Who Were Joseph Smith's Ancestors
Religion Prior to the First Vision
As I went on this tour of the Northeastern Church Sites, I found myself being so inspired by these GREAT GREAT people who we have grown up hearing about, but have not necessarily come to know. I found myself coming to know each of them and gaining insights as well as deep feelings into who they were.
Alvin was definitely one of those that deserves his own post!
Those of us/you who are members of the LDS faith are probably familiar with the Joseph Smith film: The Prophet of the Restoration. I personally love this film and never tire of watching it. It is very well cast and they do a beautiful job of telling the story. In this film, you get a visual of Alvin: a mature, caring, loving older brother who Joseph looked up to from his early childhood. That is in essence who Alvin really was.
|source: William Whitaker|
Alvin was the 2nd child born to Joseph and Lucy Mack Smith.[ The first child was a stillborn death.] Alvin was born February 11, 1798 in Tunbridge, Massachusetts and died an untimely death 2 months after Angel Moroni's first visit to Joseph on November 19, 1823. He was 25 years old.
Alvin Smith was the ideal oldest son, a dream for any parent. Many years after his death, Joseph reminisced about his brother:
"He was the oldest and noblest of my fathers family. He was one of the noblest of the sons of men...In him there was no guile. He lived without spot from the time he was a child... He was one of the soberest of men and when he died the angel of the Lord visited him in his last moments" [Papers of Joseph Smith, vol. 2]
There is also a poem Joseph referred to as 'childishlines' about Alvin:Alvin was Joseph's role model in everything-in his work ethic and obedience to his parents and to God.
"From the time of his birth, he never knew mirth. He was candid and sober, and never would play; and minded his father and mother, in toiling all day."
The Religious Tone of his Home
Joseph tells of" being born of goodly parents who spared no pains to instructing us in the Christian religion" A spiritual tone filled their home. Their parents were "one in commitment to prayer, and trust in the providence of God" The Joseph and Lucy Mack children were exposed to the examples of their parents in sincerely seeking God as part of their education and up-bringing.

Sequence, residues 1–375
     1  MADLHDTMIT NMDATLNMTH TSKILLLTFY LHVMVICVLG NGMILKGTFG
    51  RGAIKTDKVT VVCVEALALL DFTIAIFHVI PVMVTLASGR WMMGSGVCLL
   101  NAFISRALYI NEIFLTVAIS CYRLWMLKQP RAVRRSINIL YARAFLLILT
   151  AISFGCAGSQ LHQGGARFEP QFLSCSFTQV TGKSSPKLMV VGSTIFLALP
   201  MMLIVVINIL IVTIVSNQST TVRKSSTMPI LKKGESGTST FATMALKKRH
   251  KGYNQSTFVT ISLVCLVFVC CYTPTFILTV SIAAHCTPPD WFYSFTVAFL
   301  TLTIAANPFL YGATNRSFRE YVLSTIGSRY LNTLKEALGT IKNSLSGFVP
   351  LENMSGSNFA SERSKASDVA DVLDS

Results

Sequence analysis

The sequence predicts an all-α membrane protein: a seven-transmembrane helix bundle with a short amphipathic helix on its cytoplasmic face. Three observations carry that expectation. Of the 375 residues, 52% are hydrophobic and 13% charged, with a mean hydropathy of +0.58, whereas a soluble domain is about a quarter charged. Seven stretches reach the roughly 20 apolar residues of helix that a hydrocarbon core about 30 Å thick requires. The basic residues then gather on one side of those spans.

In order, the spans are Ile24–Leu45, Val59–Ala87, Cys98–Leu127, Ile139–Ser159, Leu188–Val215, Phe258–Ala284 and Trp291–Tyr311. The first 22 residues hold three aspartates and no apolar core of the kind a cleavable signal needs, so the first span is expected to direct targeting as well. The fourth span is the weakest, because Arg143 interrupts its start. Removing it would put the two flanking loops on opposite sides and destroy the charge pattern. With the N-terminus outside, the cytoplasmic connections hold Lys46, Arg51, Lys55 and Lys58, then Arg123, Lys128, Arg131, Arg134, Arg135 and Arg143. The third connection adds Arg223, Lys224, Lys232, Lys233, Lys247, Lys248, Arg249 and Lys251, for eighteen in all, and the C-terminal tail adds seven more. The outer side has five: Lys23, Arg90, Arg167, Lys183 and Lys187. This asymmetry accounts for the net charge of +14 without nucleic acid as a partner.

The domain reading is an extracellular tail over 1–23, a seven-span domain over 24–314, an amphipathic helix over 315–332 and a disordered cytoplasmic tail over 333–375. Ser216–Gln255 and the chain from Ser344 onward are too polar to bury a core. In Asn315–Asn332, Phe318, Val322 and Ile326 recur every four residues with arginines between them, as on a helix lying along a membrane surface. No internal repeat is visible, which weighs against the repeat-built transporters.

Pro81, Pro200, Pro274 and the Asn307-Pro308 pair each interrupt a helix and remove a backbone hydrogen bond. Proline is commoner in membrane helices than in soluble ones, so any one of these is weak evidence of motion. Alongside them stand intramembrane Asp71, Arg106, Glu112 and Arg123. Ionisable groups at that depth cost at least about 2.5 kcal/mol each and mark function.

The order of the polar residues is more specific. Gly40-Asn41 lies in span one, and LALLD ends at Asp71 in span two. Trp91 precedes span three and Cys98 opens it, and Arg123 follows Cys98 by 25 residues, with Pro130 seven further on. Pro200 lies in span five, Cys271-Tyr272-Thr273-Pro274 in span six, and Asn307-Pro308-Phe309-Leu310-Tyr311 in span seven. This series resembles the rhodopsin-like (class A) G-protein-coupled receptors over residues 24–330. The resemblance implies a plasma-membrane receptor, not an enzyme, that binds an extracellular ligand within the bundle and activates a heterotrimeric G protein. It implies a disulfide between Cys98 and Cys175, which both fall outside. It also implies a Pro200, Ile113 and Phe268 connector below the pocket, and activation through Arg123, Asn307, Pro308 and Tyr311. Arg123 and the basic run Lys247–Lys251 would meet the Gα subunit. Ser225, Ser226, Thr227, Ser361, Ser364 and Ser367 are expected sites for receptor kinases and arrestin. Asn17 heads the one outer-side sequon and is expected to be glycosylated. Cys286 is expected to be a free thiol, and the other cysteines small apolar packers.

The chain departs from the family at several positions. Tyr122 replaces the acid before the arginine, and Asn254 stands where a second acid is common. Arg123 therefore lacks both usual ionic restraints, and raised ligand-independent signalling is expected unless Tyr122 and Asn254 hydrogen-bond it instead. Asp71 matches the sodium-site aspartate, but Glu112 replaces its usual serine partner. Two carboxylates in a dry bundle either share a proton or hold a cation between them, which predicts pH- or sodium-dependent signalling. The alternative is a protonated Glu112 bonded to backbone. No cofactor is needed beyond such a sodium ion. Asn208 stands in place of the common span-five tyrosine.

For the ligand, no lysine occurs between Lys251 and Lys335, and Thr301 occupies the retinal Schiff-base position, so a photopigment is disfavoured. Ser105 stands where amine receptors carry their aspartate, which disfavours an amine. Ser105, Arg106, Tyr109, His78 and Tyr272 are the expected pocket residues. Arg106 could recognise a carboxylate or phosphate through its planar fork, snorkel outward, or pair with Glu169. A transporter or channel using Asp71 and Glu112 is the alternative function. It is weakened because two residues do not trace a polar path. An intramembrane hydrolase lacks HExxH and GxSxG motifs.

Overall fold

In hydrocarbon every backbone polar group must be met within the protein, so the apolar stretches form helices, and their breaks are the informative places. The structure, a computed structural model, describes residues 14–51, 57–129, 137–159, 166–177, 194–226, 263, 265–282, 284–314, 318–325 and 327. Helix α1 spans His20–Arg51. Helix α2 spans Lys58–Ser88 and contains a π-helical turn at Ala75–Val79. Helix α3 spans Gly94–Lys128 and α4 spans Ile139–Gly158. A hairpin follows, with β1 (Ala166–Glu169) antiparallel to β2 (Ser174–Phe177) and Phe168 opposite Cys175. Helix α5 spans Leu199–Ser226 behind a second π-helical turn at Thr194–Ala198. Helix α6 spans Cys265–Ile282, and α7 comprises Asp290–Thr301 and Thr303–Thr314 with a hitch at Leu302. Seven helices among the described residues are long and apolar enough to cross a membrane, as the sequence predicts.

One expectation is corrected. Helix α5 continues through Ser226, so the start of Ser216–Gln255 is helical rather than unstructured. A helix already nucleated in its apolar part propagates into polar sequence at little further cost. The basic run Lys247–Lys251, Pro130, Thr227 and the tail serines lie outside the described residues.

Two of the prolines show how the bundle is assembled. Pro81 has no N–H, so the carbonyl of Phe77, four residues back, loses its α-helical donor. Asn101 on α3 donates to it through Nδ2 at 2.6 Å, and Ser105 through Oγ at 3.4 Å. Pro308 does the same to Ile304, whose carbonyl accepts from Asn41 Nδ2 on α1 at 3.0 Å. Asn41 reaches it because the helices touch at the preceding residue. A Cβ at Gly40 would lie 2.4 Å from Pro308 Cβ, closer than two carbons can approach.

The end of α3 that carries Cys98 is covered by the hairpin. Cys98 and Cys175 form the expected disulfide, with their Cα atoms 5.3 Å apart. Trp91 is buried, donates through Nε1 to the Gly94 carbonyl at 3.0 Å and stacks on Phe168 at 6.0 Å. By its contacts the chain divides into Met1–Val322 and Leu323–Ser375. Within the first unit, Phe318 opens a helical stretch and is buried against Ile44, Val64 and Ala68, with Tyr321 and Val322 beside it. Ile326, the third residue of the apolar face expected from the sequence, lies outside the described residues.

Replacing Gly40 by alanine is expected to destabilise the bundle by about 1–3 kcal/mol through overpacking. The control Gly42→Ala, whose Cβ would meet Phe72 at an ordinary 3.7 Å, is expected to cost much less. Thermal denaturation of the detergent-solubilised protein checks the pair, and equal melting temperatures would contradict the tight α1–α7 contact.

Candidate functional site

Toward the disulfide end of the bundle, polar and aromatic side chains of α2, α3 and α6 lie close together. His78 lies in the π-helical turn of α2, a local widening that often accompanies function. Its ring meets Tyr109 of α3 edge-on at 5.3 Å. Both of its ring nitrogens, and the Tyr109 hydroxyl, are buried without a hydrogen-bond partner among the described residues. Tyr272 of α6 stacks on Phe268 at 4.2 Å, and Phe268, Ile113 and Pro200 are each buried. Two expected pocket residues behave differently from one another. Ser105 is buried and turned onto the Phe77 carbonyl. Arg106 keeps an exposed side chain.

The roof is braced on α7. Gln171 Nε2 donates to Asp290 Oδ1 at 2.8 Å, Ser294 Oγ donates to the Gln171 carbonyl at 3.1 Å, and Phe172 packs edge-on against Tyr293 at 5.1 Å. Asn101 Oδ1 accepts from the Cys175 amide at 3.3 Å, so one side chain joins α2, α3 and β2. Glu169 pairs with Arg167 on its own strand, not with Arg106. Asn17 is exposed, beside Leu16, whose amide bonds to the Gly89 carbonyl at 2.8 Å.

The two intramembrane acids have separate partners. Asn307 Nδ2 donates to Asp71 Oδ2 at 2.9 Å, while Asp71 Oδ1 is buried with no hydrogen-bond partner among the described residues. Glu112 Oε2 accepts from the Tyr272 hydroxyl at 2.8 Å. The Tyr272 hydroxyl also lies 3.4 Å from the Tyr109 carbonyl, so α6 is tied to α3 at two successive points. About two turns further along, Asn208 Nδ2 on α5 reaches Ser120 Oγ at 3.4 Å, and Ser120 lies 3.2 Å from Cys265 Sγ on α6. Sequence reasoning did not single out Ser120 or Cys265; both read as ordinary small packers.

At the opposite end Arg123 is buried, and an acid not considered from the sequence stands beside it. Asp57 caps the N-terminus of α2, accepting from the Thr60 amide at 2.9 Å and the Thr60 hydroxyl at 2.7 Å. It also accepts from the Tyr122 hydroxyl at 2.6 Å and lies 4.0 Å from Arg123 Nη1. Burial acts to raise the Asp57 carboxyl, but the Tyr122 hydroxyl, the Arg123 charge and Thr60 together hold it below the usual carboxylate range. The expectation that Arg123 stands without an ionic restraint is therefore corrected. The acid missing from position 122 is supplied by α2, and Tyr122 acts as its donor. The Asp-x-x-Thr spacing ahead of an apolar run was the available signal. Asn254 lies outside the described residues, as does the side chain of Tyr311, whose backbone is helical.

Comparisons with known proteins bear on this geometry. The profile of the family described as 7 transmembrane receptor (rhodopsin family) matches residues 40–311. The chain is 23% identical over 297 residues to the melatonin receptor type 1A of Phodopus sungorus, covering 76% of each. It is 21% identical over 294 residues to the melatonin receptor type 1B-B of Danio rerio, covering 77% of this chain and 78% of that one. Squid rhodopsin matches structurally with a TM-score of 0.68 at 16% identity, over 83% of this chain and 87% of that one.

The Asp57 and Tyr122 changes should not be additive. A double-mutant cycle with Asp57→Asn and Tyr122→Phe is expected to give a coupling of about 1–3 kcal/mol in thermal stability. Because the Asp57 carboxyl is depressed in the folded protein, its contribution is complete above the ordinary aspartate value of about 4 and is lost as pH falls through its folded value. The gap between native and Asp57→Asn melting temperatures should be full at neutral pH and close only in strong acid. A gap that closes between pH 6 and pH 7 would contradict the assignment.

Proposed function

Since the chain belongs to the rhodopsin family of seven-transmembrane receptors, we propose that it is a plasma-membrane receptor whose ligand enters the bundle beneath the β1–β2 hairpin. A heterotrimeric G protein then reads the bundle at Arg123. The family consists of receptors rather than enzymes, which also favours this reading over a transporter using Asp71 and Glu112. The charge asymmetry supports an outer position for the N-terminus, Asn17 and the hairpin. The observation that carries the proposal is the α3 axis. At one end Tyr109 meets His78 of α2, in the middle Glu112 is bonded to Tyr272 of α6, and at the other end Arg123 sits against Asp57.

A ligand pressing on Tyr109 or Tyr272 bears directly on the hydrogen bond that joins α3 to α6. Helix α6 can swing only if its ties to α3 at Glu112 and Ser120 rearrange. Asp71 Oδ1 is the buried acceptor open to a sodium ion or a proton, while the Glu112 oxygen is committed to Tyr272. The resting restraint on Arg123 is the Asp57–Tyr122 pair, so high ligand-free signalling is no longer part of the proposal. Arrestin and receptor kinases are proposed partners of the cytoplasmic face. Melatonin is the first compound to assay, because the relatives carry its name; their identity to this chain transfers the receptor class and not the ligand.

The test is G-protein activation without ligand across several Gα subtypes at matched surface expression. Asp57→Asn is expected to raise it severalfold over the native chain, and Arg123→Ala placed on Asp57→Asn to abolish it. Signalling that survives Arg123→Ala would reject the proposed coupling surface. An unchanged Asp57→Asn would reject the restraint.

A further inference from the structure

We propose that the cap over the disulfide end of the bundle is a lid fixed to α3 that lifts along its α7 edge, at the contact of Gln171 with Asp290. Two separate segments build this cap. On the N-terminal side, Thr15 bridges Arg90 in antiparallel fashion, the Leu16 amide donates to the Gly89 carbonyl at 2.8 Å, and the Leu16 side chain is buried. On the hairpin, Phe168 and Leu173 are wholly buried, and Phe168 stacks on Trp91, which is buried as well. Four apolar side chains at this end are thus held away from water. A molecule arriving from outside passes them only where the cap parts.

The Smith Family's Financial Situation
In general, we know that the Smith family was poor and had times of poverty and great struggle. However, what we don't always hear, is that they had times of prosperity, although these times were short-lived. Alvin spent a great deal of his young adult years working to help his parents to get out of debt and to have a home where they could live a comfortable life. Unfortunately he died before that home was completely built.
In 1811, the year before the Typhoid Fever hit the family and Joseph had his excruciating surgery, the family was in the Middle-Class of society. The town assessment shows that the Smith's owned a cow, two horses, and thirteen acres, with a total appraisal of $76.25. $76.00 to us, is nothing for all of that, but in their day, it was double what they had from the two previous years.
Things were going so well, that they decided to put a couple of their older children in school. In the fall of 1812, Hyrum was actually chosen to attend the academy in Hanover, a preparatory school to Dartmouth College. This decision could have been based on Alvin's generosity for his brother [it was his nature to do such things],or the family's necessity to have the older stronger worker at home.
Of coarse, that dream didn't last long due to the typhoid fever epidemic that hit that whole area, and most of the Smith family. The medical expenses from this experience took the family finances down to nothing again.
The Log Home
|the Frame Home just down the road from the log home|
Alvin and the Frame Home
Alvin was extremely excited in his goal to give his parents a better life-style of living. He said, "I am going to give my parents a nice pleasant room for them to sit in and everything arranged for their comfort and they shall not work as they have done anymore"
Alvin planned the construction of this New England style frame home to provide for his future family [he was engaged at the time], and to care for his parents in their elderly years. The Smith's moved into this ho me in late 1825. Joseph and Emma came to live here in 1827. Eight months later Joseph received the golden plates and kept them hidden inside the home.
In this home, Joseph learned that Martin Harris had lost 116 pages of the Book of Mormon translation. A home with many many memories!!
|View from the side of the house[nice garden]|